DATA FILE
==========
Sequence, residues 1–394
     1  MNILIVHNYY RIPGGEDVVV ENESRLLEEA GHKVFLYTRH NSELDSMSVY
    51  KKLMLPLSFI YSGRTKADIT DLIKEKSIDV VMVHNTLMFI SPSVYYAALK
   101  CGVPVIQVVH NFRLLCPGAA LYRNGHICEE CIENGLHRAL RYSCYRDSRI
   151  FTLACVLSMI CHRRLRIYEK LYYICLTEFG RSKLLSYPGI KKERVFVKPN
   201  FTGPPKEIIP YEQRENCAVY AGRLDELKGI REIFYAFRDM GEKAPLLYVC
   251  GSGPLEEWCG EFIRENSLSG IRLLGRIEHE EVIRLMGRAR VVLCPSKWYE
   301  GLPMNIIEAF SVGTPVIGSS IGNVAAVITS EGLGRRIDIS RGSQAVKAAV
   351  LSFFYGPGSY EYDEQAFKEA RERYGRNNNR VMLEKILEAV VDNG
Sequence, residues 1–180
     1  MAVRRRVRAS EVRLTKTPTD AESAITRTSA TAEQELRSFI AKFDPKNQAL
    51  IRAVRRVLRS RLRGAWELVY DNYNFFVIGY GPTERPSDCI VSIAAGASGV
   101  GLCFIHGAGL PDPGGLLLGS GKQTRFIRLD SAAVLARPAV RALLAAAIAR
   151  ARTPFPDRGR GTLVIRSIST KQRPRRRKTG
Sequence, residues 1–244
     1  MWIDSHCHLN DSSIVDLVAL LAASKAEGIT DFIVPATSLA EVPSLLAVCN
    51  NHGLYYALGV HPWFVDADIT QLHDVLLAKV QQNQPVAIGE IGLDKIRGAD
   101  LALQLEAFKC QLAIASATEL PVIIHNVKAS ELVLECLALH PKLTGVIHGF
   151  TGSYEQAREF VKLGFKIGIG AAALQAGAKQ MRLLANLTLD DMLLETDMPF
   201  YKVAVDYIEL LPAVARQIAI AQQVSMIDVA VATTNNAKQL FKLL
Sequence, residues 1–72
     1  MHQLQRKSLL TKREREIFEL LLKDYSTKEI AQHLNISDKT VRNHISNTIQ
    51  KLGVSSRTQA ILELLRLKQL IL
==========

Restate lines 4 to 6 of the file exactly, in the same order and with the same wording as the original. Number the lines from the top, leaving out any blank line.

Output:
   101  CGVPVIQVVH NFRLLCPGAA LYRNGHICEE CIENGLHRAL RYSCYRDSRI
   151  FTLACVLSMI CHRRLRIYEK LYYICLTEFG RSKLLSYPGI KKERVFVKPN
   201  FTGPPKEIIP YEQRENCAVY AGRLDELKGI REIFYAFRDM GEKAPLLYVC